FRANKFURT, Germany — Prior to Sunday night’s World Cup championship game, the mood was light and upbeat at an informal gathering at the U.S. Consular General’s residency in Frankfurt.

Hope was definitely in the air against Japan, the other finalist.

“We can’t talk shutout before the game, because Hope says that’s bad luck,” said Susan Karnesky, U.S. goaltender Hope Solo’s aunt. “I’m hoping it’ll be 3-0, but I think we’ll win 2-1.”

Joining Karnesky and her brother Frank Shaw were other family and friends of the U.S. Women’s Soccer team. They and a small group of U.S. Marines were invited to the residency to mingle with the official U.S. presidential delegation, led by Jill Biden, wife of Vice President Joe Biden, U.S. Ambassador to Germany Philip D. Murphy and Chelsea Clinton.

The event was a quick and quaint affair. There were drinks, finger food and brief remarks about Sunday night’s title match between the United States and Japan.

“This is this generation’s moment,” Murphy said.

Clinton said her family is crazy about soccer and called it an honor to represent her country.

“In my family, we really believe life is a team sport,” Clinton said.

She, Murphy and Biden spoke of how the U.S. team exemplifies the finer aspects of the nation they represent. One example, according to Biden, was the 1972 passage of Title IX, an amendment to Civil Rights Act of 1964. That law essentially opened the door to greater participation in sports for young women. Biden made note of “the power of sports to change lives.”

And then the delegation resumed mingling with family and friends of the team, and with the seven young Marines who were dressed in civilian clothes. The Marines are members of the security detachment assigned to the consulate.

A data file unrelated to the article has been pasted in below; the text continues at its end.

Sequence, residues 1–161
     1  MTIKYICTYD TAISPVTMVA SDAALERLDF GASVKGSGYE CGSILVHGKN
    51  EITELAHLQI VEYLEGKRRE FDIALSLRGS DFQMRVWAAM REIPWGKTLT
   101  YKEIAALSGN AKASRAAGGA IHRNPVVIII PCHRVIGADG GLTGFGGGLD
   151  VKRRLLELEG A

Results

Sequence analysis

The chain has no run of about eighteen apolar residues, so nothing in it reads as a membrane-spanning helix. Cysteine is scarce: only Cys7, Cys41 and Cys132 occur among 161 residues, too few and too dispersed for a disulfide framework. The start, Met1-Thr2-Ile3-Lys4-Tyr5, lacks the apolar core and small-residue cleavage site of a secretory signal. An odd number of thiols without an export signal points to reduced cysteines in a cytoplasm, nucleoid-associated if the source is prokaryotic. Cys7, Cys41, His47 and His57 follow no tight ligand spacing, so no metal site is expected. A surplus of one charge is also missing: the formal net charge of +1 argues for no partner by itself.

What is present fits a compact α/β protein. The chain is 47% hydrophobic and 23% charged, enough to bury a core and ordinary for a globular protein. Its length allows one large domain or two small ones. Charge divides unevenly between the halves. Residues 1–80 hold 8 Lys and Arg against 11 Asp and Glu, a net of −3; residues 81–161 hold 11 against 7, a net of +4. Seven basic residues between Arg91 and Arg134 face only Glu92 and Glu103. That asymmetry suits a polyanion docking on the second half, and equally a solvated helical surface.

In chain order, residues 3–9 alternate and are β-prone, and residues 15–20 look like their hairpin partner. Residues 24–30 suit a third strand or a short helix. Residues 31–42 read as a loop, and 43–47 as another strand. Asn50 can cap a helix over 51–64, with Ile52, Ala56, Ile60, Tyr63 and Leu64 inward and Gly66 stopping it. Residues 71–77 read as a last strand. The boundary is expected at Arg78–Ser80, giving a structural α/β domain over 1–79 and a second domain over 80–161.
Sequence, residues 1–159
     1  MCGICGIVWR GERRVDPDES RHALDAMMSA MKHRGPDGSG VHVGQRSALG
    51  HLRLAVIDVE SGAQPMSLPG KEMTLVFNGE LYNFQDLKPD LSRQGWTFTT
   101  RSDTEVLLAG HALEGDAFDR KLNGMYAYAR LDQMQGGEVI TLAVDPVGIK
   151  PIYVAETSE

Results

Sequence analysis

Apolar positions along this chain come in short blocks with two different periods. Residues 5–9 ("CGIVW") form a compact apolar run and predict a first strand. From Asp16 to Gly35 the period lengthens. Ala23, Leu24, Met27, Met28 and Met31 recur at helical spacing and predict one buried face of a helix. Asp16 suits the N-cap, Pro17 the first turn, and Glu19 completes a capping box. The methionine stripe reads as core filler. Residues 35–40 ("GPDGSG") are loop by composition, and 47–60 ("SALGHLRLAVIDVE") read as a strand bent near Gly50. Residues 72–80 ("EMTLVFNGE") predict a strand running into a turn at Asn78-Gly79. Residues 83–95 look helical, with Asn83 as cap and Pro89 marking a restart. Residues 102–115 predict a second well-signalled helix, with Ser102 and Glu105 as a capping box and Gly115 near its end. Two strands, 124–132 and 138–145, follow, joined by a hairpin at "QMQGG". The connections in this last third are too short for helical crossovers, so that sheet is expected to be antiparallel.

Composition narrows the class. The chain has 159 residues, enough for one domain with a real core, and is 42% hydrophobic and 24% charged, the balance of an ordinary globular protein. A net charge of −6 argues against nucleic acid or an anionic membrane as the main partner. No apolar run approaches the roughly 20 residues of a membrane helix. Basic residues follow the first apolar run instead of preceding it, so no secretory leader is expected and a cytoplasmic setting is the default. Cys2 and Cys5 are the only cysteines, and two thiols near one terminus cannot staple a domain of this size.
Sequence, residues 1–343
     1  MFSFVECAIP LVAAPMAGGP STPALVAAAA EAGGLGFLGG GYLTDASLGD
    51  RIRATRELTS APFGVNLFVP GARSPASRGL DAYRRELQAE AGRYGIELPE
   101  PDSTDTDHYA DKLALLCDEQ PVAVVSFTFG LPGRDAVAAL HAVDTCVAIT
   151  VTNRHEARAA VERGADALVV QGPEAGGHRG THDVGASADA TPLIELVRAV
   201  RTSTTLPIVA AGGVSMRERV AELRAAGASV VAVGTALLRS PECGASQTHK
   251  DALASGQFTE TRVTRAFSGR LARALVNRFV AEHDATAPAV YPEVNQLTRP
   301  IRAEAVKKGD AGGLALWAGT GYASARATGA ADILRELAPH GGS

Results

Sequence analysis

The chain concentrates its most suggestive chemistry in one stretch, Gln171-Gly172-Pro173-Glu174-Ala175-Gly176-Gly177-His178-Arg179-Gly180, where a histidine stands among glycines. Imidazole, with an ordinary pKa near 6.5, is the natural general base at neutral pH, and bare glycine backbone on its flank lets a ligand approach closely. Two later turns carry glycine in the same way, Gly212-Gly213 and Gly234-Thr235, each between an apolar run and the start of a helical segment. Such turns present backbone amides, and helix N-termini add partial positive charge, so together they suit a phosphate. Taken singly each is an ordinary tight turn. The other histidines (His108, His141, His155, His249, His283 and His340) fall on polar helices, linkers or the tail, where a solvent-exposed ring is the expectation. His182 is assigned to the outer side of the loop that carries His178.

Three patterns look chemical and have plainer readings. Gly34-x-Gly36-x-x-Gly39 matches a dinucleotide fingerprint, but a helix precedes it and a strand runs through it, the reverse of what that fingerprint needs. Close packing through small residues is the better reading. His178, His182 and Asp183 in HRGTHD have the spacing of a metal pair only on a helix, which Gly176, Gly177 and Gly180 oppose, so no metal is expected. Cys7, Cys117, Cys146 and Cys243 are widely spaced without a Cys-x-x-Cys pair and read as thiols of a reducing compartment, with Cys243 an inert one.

“We were told he was going to be here,” said Cpl. Daniel Bearden, referring to Vice President Biden. “But it’s free food. I never turned down free food.”

Bearden, 21, of Albuquerque, N.M., was heading back to his post after the gathering to don his uniform and return to his guard post.

However, three of his colleagues, Sgts. Quincy Palou, Joseph Stevens and Colleen Welsh had tickets for the game. Welsh, 25, of Poughkeepsie, N.Y., had the good fortune last year of being assigned to Pretoria, South Africa, where she attended two World Cup games for the men.

“You can’t ask for a better game, U.S. versus Japan,” she said of Sunday’s title game.

Scott Sauerbrunn, whose daughter Becky started in the semifinal game against Brazil, took the opportunity to thank U.S. servicemembers.

“Tell them the people of St. Louis all support them,” the Missouri resident said. “They are our heroes.”

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